Published: 18/01/2020 by Kayleigh Walter
I remember the days of getting into the car on a Thursday evening with my family and driving to the big Tesco to do our weekly shop, my brother and I bribed to behave with the promise of a toy car or a tube of Tom and Jerry cherry tomatoes (weird I know.) An hour later and you’d be leaving, ready for the journey home and as soon as you got there, you’d spend the next 40 minutes putting all of your shopping away.
Then came online ordering where you could sift through a supermarkets inventory list online, arrange a time that suited you and wait in for your shopping to be brought to your door. Long gone are the journeys, the waiting in queues and traipsing around a supermarket with kids in tow, who thought it would get better than that?
Amazon released these things called Dash Buttons on April 1st 2015, many thought they were a joke but they were very real, it was the companies first foray into smart home shopping. These little buttons would be connected to your home wifi and Amazon and dotted around the house. When you wanted to order another pack of Doritos, or you noticed you were running low on Starbucks Doubleshot all you had to do was press the button, confirm your order and the purchase would be on its way to your front door in no time.
Image Source: techthelead.com
The idea behind these buttons was to allow a more connected sense of shopping between the customers home and Amazon. Their adhesive backing meant they could be placed anywhere within the home, a place that made sense and would allow you to make a purchase when you realised you’re running low, instead of making a mental note to remember to buy them and forgetting. It allowed you to connect that physical moment of realisation with a way of purchase, saving you time, stress and to have to go without.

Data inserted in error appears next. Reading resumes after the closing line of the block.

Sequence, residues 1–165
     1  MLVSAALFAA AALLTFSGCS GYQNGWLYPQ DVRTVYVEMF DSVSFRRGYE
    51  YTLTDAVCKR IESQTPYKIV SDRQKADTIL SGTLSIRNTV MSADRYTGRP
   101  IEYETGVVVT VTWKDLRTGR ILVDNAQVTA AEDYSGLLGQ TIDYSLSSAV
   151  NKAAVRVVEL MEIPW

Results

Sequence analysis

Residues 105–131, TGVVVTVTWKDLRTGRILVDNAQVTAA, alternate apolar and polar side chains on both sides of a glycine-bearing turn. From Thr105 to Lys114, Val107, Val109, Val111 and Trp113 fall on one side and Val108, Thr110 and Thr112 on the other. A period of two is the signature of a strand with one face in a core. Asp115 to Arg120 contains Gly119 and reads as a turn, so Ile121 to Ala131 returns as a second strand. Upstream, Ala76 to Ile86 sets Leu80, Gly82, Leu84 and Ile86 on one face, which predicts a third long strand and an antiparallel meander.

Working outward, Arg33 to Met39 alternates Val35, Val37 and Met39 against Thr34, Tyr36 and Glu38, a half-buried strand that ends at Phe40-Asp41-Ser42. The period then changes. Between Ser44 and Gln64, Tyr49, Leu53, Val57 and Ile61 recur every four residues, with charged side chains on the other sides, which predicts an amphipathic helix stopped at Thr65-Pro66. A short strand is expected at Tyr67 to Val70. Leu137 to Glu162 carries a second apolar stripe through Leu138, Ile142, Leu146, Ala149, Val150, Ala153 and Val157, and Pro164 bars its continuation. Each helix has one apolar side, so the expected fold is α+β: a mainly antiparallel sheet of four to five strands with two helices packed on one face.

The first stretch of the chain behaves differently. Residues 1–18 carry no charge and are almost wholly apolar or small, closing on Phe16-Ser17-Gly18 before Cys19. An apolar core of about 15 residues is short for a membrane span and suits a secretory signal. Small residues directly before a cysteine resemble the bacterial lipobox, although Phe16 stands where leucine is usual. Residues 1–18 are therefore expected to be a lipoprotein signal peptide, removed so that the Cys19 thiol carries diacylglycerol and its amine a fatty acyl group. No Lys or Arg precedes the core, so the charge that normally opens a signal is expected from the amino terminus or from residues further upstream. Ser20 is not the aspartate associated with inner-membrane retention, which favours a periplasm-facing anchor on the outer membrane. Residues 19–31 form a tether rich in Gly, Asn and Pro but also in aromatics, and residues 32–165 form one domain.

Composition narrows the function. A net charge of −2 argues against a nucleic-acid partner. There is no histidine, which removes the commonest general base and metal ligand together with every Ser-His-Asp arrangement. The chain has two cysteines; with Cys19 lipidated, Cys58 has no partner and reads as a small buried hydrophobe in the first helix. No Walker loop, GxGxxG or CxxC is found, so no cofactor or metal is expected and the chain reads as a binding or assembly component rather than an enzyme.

Image Source: Amazon
Amazon has recently announced that they are going to stop selling their dash buttons because they’re no longer being used to the same extent as modern technology takes over. Don’t worry if you’re still using them, all dash buttons will still be supported by Amazon, you can just no longer order new ones. (They are also now available digitally if you’re an Amazon Prime user.)
Though the Amazon Dash Button was definitely a step in the right direction for home technology and smart shopping, technology is simply moving too fast. Can we really be surprised that more and more people have stopped pushing buttons to order their products and physically leaving the house when they can simply say ‘Alexa, can you please order me some more Ariel washing powder?’
New smart home technologies such as Amazon’s Alexa are taking over, I asked 5 people if they had a smart device in their home, want to know how many did? 3. 3 of the people I asked have Alexa’s set up around their home, using them to get them up in the morning, to tell them the weather. Order their shopping and to control their heating.
Amazon stated at the end of 2018 that over 100 million devices had been sold with their smart assistant Alexa preinstalled, ranging from lightbulbs to timers, locks and more - Speaking to Alexa, you can control any aspect of your home just with a simple verbal instruction.
Image Source: Voicebot.ai
Did you know 1 in 5 consumers have regularly used their voice to do their shopping, using smart devices such as Alexa instead of physically visiting a shop or sit down to do an online order? Voice ordering means you don’t even have to stop what you’re doing, just say the command such as ‘Hey Alexa’ and off you go.
Amazon reported that sales through their smart devices such as Amazon and the Echo tripled in December 2018 compared to that of 2017 as more and more people are buying into their smart home products.
It begs the question, how will shopping change over the next decade? What else is there technology can do to make shopping even easier than it already is? Sure Google Glasses and other similar products are still in development, but at this point, I'm not really sure how that would help make shopping easier. Unless you see something through the Google Glasses and simply say “Hey Google, can you order me that?’ Even that comes with its complications.
Will there be a time in our future when Amazon decides maybes it’s time to stop selling Amazon Dots and Echos? I very much doubt it. With statistics showing a high rise in voice purchases and voiced controlled assistants, I’m sure Amazon will continue to pump out voice controlled assets to make your home smarter and more connected to every aspect of your life.